I’m trying to unpack my defenses, figure out what they are or where they came from. The first time I told my raised children about Joy they were 5 and 7. We had moved 2000 miles from California to make new friends and learn that sunny days don’t mean shorts in the winter and you don’t hose the frost off your windshield in the morning. We’d moved from a three bedroom house to a two bedroom apartment. Ezzy was in childcare for the first time ever. She was ok. I cried discretely.
The thing was I was trying my damnedest to make good — to love and care for these children — to deserve them — to be good for them — to be sure they were getting what was best for them. I had pretty much blocked adoption out of my thoughts after they were born.
The first couple years after losing my baby I told everyone. It was part of getting to know me, you had to show compassion for me and listen to my sad story. Very few thought I’d ever see her again. It was near the end of the BSE. A few suggested that someday my daughter would want to meet me. I treasured the implication that I was worth knowing.
A few told me I’d go on to have other kids as though I would be a worthy mother. I wanted that very much, IF I was in a committed relationship with their father.
So nearly eighteen years later there I was; with my “snug little family”, my security, my pride and joy — and I had to break the news to these children that my I have another, older, child; my firstborn had been given away to strangers at birth. Shit. That was not what I wanted to tell them. I don’t think we’d ever talked about adoption apart from the animal shelter.
When I got married I dove deep into the fog. I loved it there. I kept my sweet thoughts of loving my mystery child private. I didn’t want to burden anyone with sorrow and explanations they could do nothing to change.
When relatives campaigned against abortion clinics, I suggested their energy would be more useful in helping pregnant women get the supplies and support they need to take care of their babies– as if it had nothing to do with me.
When I told Buster and Ezzy that I had another daughter, a grown daughter with a child of her own, I was still slightly in shock. They must have felt it. Once they understood the bare facts of the matter they were silent. Would they wonder if I could give them away as well? They were just learning that I was the kind of mother that could walk away from her baby. They didn’t ask me any questions, probably waiting for me to recover my equilibrium.
Meanwhile I was baffled by the unfolding realities of reunion. Up to then I had buried my thoughts and feelings. Suddenly I was obsessed and mystified by our budding relationship. For years when we talked on the phone I shook.
It got more complicated. So much hurt and shame surfaced. Joy’s anguish scared me. I tried to keep the ugliness of adoption from Buster and Ezzy, from anyone else actually. It seems foolish now, trying to look like I was handling everything just fine, convince everyone around me that it was just fine. Oh yeah, I can handle this. There were always plenty of issues to redirect people’s attention away from what I was going through.
The shame that I had abandoned my first child grew. The first addition was hearing that it hadn’t worked out the way it was supposed to. She left her forever home in her midteens? WTF? It seemed to me that everything went wrong and it was my fault. I was her mother. I was the one that signed the papers and went on like everything was taken care of. I’d done my part, right? It hurt like hell but I’d done what I was” supposed to do”.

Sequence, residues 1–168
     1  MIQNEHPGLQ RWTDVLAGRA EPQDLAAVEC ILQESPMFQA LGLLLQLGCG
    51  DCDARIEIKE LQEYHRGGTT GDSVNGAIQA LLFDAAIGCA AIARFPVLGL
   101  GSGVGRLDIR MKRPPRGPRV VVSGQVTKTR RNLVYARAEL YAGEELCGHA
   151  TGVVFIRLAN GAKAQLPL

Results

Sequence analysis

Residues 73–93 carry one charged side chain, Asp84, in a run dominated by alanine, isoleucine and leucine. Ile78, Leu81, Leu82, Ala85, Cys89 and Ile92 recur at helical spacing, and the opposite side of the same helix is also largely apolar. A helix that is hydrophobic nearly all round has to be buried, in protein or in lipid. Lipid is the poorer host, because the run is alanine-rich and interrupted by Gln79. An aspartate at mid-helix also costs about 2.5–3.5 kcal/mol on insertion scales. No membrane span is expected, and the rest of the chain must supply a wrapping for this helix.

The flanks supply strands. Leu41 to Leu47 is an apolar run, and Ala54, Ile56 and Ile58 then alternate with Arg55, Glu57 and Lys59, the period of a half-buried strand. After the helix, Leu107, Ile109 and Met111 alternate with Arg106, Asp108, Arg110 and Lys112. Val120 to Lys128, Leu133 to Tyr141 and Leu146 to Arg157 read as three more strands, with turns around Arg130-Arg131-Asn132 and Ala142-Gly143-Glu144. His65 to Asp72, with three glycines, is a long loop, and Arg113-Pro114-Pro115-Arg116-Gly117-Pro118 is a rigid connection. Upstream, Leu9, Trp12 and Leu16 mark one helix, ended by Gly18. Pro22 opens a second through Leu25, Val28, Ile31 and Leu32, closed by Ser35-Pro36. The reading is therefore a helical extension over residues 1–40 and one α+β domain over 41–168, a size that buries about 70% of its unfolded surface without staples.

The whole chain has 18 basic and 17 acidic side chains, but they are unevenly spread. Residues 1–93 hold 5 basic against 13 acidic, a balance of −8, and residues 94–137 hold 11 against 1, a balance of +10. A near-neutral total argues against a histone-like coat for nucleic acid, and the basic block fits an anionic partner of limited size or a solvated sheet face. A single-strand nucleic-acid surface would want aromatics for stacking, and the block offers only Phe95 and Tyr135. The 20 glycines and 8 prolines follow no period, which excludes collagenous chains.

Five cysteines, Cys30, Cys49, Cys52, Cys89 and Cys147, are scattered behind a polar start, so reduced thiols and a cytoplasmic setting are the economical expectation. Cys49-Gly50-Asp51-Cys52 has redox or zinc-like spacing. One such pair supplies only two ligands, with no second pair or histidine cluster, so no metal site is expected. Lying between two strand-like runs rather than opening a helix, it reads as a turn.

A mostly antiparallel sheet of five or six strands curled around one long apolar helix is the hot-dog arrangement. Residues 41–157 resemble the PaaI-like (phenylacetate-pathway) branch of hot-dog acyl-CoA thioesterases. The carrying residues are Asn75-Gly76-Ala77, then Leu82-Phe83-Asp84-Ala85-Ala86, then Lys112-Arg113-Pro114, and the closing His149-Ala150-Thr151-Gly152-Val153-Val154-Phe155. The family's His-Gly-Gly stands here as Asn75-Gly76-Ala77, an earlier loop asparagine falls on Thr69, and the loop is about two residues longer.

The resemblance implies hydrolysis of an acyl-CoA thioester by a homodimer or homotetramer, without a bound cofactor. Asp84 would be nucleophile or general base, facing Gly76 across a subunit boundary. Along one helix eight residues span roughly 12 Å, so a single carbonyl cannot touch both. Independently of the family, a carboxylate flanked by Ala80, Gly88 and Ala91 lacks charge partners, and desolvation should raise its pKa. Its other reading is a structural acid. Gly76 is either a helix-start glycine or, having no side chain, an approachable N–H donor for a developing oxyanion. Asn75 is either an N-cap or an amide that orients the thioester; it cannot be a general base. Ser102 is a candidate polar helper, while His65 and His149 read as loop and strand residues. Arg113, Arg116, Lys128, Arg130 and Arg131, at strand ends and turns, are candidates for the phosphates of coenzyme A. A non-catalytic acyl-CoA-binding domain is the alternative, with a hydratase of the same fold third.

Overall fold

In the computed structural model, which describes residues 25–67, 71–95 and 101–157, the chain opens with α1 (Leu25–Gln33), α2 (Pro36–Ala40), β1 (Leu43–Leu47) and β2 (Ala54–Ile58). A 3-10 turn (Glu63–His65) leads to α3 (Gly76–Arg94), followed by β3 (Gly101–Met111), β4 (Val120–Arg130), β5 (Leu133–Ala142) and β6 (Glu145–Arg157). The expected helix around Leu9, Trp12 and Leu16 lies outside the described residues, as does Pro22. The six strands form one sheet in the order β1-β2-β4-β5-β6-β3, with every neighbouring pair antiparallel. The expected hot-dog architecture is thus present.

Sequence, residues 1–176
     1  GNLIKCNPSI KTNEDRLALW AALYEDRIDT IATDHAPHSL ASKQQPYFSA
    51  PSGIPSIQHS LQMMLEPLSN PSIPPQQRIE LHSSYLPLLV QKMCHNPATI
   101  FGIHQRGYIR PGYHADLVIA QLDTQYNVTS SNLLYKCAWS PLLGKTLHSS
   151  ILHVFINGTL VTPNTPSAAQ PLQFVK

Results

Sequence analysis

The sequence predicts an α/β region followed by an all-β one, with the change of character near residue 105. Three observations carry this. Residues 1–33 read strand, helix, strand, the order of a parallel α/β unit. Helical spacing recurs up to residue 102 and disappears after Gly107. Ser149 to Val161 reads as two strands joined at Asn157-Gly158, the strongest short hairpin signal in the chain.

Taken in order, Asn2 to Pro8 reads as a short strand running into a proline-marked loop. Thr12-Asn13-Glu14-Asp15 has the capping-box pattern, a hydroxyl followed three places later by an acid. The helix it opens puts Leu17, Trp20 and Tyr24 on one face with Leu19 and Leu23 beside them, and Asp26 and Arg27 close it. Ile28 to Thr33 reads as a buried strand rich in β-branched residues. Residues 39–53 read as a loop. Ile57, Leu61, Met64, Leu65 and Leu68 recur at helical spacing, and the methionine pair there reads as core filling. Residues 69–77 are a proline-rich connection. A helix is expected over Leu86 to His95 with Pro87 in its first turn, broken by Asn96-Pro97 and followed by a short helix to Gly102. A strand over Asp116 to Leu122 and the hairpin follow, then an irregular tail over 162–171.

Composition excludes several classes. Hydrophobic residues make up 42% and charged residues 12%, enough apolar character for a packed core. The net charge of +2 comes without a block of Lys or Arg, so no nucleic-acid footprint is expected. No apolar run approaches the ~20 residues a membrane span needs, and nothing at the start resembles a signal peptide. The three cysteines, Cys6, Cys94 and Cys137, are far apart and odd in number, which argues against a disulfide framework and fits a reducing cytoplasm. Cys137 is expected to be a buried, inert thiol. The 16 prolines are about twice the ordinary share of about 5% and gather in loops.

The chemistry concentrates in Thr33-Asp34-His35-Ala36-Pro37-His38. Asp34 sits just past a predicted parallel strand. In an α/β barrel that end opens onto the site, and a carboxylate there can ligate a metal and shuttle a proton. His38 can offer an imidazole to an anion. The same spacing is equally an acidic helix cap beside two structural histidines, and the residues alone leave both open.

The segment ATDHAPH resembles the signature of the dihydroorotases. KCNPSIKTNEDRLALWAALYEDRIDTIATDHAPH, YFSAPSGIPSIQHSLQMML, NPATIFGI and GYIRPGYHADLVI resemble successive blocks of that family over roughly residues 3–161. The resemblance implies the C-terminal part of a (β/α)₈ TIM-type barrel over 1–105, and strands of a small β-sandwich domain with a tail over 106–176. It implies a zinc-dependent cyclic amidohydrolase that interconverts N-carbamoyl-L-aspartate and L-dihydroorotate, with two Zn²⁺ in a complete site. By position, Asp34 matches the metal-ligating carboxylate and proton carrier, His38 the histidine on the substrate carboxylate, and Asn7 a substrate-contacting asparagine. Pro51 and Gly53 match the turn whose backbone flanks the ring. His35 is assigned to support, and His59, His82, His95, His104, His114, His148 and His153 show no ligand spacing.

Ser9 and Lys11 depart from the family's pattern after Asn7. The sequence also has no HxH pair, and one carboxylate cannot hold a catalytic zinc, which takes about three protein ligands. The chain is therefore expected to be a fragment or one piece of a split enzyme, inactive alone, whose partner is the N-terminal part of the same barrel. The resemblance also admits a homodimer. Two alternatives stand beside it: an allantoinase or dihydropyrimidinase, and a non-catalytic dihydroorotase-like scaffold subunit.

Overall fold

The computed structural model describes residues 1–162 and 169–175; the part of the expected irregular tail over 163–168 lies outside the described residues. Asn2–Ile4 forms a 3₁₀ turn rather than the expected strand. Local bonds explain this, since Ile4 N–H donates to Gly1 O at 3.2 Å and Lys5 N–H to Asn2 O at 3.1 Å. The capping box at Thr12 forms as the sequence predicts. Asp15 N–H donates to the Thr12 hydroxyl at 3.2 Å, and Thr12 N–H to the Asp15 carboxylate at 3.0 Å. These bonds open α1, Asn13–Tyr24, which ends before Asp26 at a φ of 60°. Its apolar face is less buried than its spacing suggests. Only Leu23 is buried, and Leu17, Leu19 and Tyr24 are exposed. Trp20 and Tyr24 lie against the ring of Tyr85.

Hell no. Everything was not taken care of. She was hurt, wounded and abandoned over and over and over. And there I was pretending everything was going to be ok. Oh, yeah, just fine. Yes we’re going to see each other. Well no things didn’t go the way I expected. Oh, well yes she seems to blame me for abandoning her of all things. No. I know. I put her up for adoption. I placed her carefully with a public agency that selected an ideal home for her. Well things went a little rough, there were some problems. She tells me she’s an adult. Yeah, I guess she’s grown isn’t she? I mean she has a son of her own.
I kept my image, the impression I was making on my “smug little family”, foremost. I didn’t want them to see me falling apart. I didn’t want them to see her pain, the pain I created, the pain that was a reflection of my own. And I kept repeating it and repeating it because just like when I signed the papers; I didn’t know any better.
The shame of relinquishing her in the first place stung deeply. The shame of being abandoned by my boyfriend and by my parents was in there too. My raised children were an answer to that. I remember meeting the church pastor who hadn’t seen me since my first pregnancy. He had just performed my brother’s wedding and I was holding my baby on my hip. He said, “I never thought you’d turn out this well.” A real conversation stopper for me.
I did turn out this well. I turned out this damaged and this well. Acknowledging that this is how I turned out has been hella hard. I’ve seen myself get defensive so many times because I thought I was being blamed/shamed. Every time I get defensive I’ve perpetuated the shame. This is how well I’ve turned out. I’ve hurt the ones I loved.
A while back Joy blogged that I sent her This is to Mother You by Sinead O’Connor. I sent her Bird on the Wire by Leonard Cohen at the same time.
This one is for me. If I have been untrue, it was to me.